End of life care

Planning ahead

BSL Support

Planning ahead for our future care and for after our death is something all of us can do to make sure our wishes are known. It is never too early to start planning ahead and making practical arrangements - you do not need to wait until you are unwell or over a certain age.

Making a Will

If you want to be confident that your wishes will be followed after you die, it is important to make a will.

Your will lets you decide what happens to your money, property and possessions after your death. If you die without a will, the law decides who gets what.

If you have a child(ren) under the age of 18, making a will allows you to appoint a guardian(s) for them. If you do not have a will that outlines this and both parents die, the Council or the courts will decide who should look after them.

Will Aid

Will Aid is a special partnership between the legal profession and nine UK charities. Every November, participating solicitors volunteer their time and waive their fee for writing a basic will. Instead, they invite individuals to make a voluntary donation to Will Aid (suggesting £100 for a single basic will and £180 for a pair of basic ‘mirror’ wills).

For more information visit: www.willaid.org.uk

Advance Statement

An Advance Statement allows you to record your preferences, wishes, beliefs and values around your future care.

The aim is to provide a guide to anyone who might have to make decisions in your best interest if you have lost the capacity to make decisions or communicate them.

It may include:

  • where you would like to be cared for (e.g. at home, in a hospital, in a care home, in a hospice);
  • how you like to do things (e.g. if you prefer a shower instead of a bath, or like to sleep with the light on);
  • how you want any religious or spiritual beliefs to be reflected in your care;
  • concerns about practical issues (e.g. who will look after your dog if you become ill).

There are charities, such as Compassion in Dying that provide free support to complete an Advance Statement over the phone or by email.

An Advance Statement is not a legally binding document.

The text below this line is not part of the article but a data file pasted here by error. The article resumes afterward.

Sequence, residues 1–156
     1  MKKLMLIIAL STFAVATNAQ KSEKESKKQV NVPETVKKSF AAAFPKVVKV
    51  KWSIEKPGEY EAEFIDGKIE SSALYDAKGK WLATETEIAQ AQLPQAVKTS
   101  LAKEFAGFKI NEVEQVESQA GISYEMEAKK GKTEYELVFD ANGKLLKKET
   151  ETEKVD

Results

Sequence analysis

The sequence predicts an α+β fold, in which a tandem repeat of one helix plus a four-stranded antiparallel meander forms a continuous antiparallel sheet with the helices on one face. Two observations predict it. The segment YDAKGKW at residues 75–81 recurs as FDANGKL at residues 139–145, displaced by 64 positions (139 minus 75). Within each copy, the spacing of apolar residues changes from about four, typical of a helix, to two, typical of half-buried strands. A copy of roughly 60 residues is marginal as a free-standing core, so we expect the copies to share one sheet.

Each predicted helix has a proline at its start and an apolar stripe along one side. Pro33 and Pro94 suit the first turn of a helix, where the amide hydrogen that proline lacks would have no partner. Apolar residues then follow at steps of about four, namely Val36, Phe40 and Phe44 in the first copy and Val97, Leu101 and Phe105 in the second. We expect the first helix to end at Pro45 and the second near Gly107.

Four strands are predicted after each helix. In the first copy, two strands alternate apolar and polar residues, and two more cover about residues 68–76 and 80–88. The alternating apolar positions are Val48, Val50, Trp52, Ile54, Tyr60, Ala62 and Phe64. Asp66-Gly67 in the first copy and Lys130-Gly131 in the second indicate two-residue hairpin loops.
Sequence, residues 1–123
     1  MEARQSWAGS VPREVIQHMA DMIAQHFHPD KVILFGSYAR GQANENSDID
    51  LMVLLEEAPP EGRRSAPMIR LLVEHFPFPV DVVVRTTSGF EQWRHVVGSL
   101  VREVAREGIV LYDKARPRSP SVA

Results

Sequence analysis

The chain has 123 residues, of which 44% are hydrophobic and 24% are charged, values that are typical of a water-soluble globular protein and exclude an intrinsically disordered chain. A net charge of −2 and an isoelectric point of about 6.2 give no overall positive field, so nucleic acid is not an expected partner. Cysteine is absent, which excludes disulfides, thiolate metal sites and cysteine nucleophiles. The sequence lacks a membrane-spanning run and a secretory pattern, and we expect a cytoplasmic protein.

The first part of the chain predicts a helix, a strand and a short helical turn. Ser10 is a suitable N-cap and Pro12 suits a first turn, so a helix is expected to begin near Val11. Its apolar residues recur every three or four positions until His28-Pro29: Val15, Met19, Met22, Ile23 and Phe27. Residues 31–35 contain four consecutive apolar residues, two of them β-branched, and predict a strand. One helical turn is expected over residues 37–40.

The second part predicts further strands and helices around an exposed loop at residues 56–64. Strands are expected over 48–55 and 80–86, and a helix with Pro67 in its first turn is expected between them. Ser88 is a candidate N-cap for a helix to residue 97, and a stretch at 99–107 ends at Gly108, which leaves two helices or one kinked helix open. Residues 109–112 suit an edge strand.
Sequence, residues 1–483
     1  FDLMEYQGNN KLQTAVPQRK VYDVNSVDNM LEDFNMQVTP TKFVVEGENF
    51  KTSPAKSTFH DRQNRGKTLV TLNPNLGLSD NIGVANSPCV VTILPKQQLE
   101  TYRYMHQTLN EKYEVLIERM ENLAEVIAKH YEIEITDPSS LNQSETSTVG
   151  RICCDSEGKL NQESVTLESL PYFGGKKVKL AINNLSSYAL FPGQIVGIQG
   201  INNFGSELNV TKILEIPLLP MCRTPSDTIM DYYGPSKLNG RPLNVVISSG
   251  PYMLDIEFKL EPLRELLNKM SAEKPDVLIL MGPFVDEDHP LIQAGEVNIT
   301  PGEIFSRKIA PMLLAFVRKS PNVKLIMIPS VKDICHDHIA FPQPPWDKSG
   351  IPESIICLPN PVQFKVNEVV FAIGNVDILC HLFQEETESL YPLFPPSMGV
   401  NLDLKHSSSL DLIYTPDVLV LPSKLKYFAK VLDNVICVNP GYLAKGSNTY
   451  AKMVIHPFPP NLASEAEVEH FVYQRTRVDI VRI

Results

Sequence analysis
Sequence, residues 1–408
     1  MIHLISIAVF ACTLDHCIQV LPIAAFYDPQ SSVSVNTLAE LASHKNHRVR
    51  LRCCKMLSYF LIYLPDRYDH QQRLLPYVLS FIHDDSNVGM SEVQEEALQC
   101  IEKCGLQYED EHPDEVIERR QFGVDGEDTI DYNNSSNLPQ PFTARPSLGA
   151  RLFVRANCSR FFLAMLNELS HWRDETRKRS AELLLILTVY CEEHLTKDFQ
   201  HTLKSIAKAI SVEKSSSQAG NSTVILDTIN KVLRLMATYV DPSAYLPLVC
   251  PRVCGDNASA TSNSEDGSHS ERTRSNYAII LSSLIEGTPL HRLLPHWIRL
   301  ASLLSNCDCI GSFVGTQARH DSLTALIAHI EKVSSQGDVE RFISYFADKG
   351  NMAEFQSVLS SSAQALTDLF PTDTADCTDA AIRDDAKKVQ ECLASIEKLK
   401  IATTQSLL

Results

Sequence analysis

Advance Decision (Living Will)

An Advance Decision (sometimes known as an Advanced Decision to Refuse Treatment or Living Will) allows you to record any medical treatment you do not want to be given in the future, if you're unable to make or communicate these decisions yourself.

An Advance Decision is a legally binding document and must be followed by healthcare professionals.

You do not need a solicitor to make an Advance Decision. There are charities that provide free support to complete an Advance Decision over the phone or by email.

Lasting Power of Attorney

A Lasting Power of Attorney (LPA) allows you to give someone you trust the legal power to make decisions on your behalf in case you later become unable to make decisions for yourself or communicate them.

The person who makes the LPA is known as the 'donor' and the person given the power to make decisions is known as the 'attorney'.

There are two different types of LPA:

  • a LPA for Property and Financial Affairs, which covers decisions about money and property;
  • a LPA for Health and Welfare, which covers decisions about health and personal welfare including medical treatment.

A LPA can only be drafted when you have capacity and can only be used, unless stated otherwise, when you lack mental capacity.

A LPA can only be used after it has been registered and sealed by the Office of the Public Guardian.





If you do not have mental capacity to make decisions for yourself or understand the consequences of your decisions and you do not have a LPA, another person (e.g. a close relative or friend) or organisation (e.g. the Council, an accountant or a solicitor) will need to apply to be your deputy.

Being a next of kin does not give you the legal authority to make decisions on behalf of another adult.

Organ Donation

Organ donation in England has changed to an opt out system. This means that all adults agree to become organ donors when they die, unless they have made it known that they do not wish to donate. If you have not recorded an organ donation decision and you are not in one of the excluded groups, it will be considered that you agree to donate your organs when you die.